[Date Prev][Date Next][Thread Prev][Thread Next][Date Index][Thread Index]
[Xmca-l] Re: Article for Discussion
Mike suggested that I add in some work I've done on defectology, which David mentions in his note below. I'll paste in some things I've written in this area, which has become quite important to me in trying to reframe discussions of what are generally referred to as disorders and disabilities. I've used LSV's 1993 volume on defectology to contest these notions in considerations of what is inevitably referred to as "mental disorders" or "mental disabilities." Some of this work is still in development, and some from a forthcoming book, so I'll stick to what's already been published.
For another conversation I've taken part in, I've put together a set of readings, including my own, that are grounded in the "neurodiversity" movement, which challenges notions of "normalcy" in considering diagnostic classifications. Although my personal interest is in neurological diversity, I think that LSV provides a framework for considering the human potential that is available from any bodily configuration. His own interest, for instance, was in educating children injured, impaired, and maimed during the lengthy wars that ultimately produced the Soviet Union. His solution was always social rather than biological/material; the prosthetic industry was relatively primitive in his time.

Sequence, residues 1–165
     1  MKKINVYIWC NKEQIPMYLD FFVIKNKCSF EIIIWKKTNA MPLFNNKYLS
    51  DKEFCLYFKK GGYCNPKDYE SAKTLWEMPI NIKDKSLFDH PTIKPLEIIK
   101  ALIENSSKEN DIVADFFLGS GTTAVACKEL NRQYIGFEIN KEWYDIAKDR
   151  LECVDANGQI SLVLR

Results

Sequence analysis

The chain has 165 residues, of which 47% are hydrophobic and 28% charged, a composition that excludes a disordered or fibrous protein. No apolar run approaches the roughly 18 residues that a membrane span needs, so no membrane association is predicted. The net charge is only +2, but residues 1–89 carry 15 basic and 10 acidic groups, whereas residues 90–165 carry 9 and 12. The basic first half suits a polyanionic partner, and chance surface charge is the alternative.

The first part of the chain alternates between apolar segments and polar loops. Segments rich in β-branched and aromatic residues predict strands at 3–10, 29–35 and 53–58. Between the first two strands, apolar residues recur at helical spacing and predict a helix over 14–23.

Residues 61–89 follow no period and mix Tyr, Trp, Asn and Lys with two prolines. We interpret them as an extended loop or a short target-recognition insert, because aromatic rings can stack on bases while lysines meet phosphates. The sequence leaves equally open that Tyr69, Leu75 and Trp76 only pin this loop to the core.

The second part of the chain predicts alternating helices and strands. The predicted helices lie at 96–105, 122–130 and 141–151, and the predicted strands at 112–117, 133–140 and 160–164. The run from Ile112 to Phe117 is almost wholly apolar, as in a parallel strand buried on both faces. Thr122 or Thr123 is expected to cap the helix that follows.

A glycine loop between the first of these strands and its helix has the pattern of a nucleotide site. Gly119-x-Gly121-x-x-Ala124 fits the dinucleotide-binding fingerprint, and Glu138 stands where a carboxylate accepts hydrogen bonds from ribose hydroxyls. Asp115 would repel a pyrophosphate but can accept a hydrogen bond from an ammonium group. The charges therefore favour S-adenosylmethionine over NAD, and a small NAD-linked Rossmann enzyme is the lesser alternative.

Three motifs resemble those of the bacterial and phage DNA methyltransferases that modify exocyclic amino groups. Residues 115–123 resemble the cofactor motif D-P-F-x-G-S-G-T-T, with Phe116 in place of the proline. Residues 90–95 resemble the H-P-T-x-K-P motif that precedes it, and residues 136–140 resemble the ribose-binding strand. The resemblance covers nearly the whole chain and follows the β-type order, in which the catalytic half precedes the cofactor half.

So, here you go. The pieces are categorized so that you can read the shorter, more accessible pieces or the longer, more scholarly ones. Or none at all.
THINGS I’VE WRITTEN
Shorter essays for general readers
Smagorinsky, P. (2016, May 22). University of Georgia professor explains his ‘Asperger’s Advantage’ and disabling assumption of disorder. Atlanta Journal-Constitution. Available at http://getschooled.blog.myajc.com/2016/05/27/university-of-georgia-professor-explains-his-aspergers-advantage-and-disabling-assumption-of-disorder/
Smagorinsky, P. (2016, July 8). Is mental health strictly mental? Psychology Today. Available at https://www.psychologytoday.com/blog/conceptual-revolution/201607/is-mental-health-strictly-mental
Smagorinsky, P. (2016, August 2016). Foregrounding potential, not disorder, in neurodiverse students. Literacy & NCTE. Available at http://blogs.ncte.org/index.php/2016/08/foregrounding-potential-not-disorder-neurodiverse-students/
Smagorinsky, P. (2016, October 5). A brief guide to neurodiversity. The Committed Project. Available at http://thecommittedproject.org/a-brief-guide-to-neurodiversity/
Longer essays for general readers
Smagorinsky, P. (2014). Who's normal here? An atypical's perspective on mental health and educational inclusion. English Journal, 103(5), 15–23. Available at http://www.petersmagorinsky.net/About/PDF/EJ/EJ2014.pdf